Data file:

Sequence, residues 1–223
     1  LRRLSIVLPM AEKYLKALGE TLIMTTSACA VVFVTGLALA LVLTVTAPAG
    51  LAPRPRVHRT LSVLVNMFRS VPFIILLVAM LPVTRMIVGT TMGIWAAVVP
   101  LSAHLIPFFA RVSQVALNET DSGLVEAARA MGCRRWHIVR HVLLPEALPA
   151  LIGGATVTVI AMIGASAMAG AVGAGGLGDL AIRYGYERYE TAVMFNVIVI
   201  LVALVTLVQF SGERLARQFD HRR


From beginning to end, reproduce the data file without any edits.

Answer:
Sequence, residues 1–223
     1  LRRLSIVLPM AEKYLKALGE TLIMTTSACA VVFVTGLALA LVLTVTAPAG
    51  LAPRPRVHRT LSVLVNMFRS VPFIILLVAM LPVTRMIVGT TMGIWAAVVP
   101  LSAHLIPFFA RVSQVALNET DSGLVEAARA MGCRRWHIVR HVLLPEALPA
   151  LIGGATVTVI AMIGASAMAG AVGAGGLGDL AIRYGYERYE TAVMFNVIVI
   201  LVALVTLVQF SGERLARQFD HRR